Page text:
Even with increased market volatility, there is a lot of money looking for acquisitions in a very hot market: RIAs. In 2017, there were 152 deals, according to DeVoe & Co. Dealbook, while the first two quarters of 2018 had 81 deals, slightly behind last year’s pace.
“There’s great momentum in the independent space,” said Sean Keenan, a director at BNY Mellon’s Pershing Advisor Solutions, during its RIA Symposium in Chicago. “Growth and consolidation is being fueled by external capital. Inflow of capital is playing a major role in the consolidation of our industry, as experienced capital partners enhance, expand and professionalize the industry. Firms have more options than ever before when it comes to capital.”
These capital sources include private equity, private investors, family offices, aggregators and banks, he said. “A recent study showed there were 60 private equity firms out there today ready to do deals with RIAs in the marketplace,” he said.
Keenan picked the brains of two merger experts: Peter Raimondi, founder and CEO of Dakota Wealth, an independent investment firm for high net wealth individuals and an acquirer of RIAs, and Todd Thomson, co-founder and chairman of Dynasty Financial Partners, an investment and technology platform for independent advisors.
Both Raimondi and Thomson have veteran status in M&As. Raimondi founded The Colony Group in Boston in 1986, which he leveraged to $1 billion in AUM with 600 clients over 20 years. His next company, Banyan Partners, was founded in 2006 and was an early contender in the M&As of RIA businesses. He sold the company in 2014 to Boston Private Wealth for $60 million and launched Dakota Wealth earlier this year.
Dynasty was launched in 2010 with the purpose to help RIAs with technology, Thomson said. He is the former CFO of Citibank and former CEO of Citibank’s $10 billion global wealth management division. He also worked on M&As while with GE Capital and Bain & Co.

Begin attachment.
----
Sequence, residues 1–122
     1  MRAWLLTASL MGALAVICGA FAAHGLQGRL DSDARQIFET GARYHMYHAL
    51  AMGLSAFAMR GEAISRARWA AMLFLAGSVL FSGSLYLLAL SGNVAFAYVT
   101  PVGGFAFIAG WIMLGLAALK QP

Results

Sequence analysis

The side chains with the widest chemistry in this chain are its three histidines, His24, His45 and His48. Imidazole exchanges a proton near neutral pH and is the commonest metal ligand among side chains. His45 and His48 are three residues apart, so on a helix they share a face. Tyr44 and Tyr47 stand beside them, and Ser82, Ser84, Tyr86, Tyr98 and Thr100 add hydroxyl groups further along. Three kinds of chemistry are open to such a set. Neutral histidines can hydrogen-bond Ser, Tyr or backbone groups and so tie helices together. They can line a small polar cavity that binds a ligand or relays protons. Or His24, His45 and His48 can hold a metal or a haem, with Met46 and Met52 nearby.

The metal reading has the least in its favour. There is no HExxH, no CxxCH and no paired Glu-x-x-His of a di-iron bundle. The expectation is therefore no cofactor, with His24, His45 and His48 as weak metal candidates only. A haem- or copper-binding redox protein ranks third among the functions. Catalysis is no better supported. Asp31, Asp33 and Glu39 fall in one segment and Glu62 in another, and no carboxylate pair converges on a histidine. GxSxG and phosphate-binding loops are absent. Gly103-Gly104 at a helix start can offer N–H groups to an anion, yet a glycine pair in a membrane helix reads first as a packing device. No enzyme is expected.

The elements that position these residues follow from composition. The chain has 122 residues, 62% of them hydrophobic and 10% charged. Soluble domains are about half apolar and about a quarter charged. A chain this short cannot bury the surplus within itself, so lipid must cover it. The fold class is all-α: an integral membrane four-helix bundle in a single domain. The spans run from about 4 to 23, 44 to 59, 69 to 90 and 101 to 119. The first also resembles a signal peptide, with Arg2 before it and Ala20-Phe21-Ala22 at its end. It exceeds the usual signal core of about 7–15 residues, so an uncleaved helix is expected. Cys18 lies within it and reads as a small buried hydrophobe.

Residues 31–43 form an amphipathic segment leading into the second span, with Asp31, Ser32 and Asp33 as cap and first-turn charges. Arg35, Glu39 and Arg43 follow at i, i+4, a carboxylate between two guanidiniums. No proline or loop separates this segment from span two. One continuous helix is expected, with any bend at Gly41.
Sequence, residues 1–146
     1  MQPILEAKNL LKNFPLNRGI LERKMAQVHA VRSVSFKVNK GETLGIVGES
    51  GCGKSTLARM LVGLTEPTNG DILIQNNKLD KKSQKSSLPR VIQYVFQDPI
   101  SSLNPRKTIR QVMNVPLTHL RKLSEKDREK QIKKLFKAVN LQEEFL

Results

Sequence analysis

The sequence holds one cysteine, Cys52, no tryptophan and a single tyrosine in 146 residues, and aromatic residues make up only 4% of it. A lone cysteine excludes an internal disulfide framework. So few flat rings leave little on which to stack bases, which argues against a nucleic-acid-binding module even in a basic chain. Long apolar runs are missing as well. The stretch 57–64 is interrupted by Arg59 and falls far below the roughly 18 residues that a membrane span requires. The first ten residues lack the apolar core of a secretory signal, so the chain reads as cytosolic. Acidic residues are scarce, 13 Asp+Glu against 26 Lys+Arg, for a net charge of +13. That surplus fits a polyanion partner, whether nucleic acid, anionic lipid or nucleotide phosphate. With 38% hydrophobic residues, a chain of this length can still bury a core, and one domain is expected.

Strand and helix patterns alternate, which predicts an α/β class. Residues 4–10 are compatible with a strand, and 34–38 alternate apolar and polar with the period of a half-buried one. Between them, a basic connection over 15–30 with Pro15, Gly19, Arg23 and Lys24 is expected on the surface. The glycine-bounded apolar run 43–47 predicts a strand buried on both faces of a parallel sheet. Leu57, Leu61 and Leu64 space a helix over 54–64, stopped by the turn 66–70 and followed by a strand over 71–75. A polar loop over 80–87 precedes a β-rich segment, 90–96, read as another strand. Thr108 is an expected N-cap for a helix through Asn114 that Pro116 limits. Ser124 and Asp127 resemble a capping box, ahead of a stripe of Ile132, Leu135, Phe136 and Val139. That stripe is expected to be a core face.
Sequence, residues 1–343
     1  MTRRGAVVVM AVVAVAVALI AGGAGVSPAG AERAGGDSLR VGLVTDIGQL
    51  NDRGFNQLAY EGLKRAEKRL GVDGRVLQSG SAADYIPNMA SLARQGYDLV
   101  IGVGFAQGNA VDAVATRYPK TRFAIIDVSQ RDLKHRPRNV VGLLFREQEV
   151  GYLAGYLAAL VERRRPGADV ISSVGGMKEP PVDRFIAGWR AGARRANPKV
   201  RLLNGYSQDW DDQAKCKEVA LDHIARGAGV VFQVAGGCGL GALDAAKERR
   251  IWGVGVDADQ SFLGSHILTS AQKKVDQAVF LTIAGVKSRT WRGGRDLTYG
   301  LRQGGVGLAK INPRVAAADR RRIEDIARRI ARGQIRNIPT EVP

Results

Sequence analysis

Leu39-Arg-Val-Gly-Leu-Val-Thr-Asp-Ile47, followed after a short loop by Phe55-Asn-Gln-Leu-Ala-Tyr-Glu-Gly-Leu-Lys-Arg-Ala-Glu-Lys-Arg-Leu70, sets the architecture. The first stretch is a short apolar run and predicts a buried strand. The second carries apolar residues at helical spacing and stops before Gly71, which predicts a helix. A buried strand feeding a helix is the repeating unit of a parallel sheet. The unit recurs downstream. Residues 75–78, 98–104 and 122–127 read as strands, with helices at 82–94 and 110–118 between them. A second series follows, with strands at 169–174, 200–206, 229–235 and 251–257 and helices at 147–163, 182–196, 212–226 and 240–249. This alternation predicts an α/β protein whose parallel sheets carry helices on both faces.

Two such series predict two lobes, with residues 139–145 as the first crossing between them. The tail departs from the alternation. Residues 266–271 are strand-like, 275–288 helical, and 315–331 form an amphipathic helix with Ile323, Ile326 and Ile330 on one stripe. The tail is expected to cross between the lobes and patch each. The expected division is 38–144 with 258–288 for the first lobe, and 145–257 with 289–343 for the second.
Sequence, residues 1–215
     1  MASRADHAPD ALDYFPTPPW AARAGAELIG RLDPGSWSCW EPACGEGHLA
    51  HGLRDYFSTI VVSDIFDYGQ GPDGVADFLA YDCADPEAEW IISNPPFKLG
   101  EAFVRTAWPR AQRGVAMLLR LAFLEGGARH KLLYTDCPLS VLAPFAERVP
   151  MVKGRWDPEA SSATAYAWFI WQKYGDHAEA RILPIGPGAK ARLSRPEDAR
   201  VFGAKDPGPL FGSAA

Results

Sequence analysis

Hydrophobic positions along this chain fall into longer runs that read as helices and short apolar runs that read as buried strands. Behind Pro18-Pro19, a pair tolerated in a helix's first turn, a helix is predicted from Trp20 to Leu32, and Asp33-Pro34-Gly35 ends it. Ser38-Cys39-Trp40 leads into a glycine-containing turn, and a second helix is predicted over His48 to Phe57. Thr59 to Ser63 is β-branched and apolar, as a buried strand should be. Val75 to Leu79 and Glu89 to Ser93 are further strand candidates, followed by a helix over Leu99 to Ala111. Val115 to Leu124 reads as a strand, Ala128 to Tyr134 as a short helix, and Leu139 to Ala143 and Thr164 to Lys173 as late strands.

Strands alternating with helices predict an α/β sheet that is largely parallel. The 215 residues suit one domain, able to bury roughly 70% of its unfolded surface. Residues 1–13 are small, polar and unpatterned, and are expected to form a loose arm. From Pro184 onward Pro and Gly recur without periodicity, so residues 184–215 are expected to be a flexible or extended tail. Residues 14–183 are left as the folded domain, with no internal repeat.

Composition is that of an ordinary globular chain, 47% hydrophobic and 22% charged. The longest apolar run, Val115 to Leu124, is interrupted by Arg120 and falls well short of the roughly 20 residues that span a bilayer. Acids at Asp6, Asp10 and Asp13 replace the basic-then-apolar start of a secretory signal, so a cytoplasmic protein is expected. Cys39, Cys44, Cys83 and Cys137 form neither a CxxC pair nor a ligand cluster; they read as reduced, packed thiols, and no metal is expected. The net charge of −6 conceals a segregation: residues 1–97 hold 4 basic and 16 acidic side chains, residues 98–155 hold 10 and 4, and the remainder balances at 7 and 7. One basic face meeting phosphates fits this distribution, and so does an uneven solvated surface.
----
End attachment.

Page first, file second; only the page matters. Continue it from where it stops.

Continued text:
Keenan began by asking why RIAs need capital. Thomson replied that “the most common reason we see a need for capital is M&As, and the second most common is as a lubricant to allow a transition from generation one to generation two. In a lot of cases that’s difficult to do with just internal capital.” He added that a third reason is because RIA owners have their capital tied up in an illiquid asset and don’t want to sell it, but do want to provide liquidity to owners and partners.
Raimondi agreed, but cautioned that “the structure of why one needs capital needs to be investigated first … If I came across $5 million in capital, what would I use it for? Maybe nothing, but if there’s a goal to [buy] out a retiring partner or to make an acquisition to provide a tuck-in opportunity, then the capital has some value. You have to decide how much you want to pay for that.” He added that taking outside capital could give away an RIA’s control of the firm or upside potential.
An RIA needs to “understand first what you need [outside capital] for and understand how much you need,” Thomson said. “A lot of mistakes can be made, and if you make a mistake in an acquisition and you use outside capital, it becomes a bigger mistake.”
Two things can go wrong in bringing in outside capital if a firm has never done so before, Raimondi said. “First, you can buy the wrong firm or execute that acquisition improperly and wish you hadn’t done it, and secondly, you now owe the bank or partner a lot of money.” Another challenge is that outside capital might not “share the same goals as you,” Raimondi said.
“[Dakota’s] goal is to create long-term wealth for us and our clients,” he said. “A PE investor in a firm would have a five-year runway. We don’t. Goals set up this divergence automatically. [PE firms may] want to cash out just when we are getting our stride.”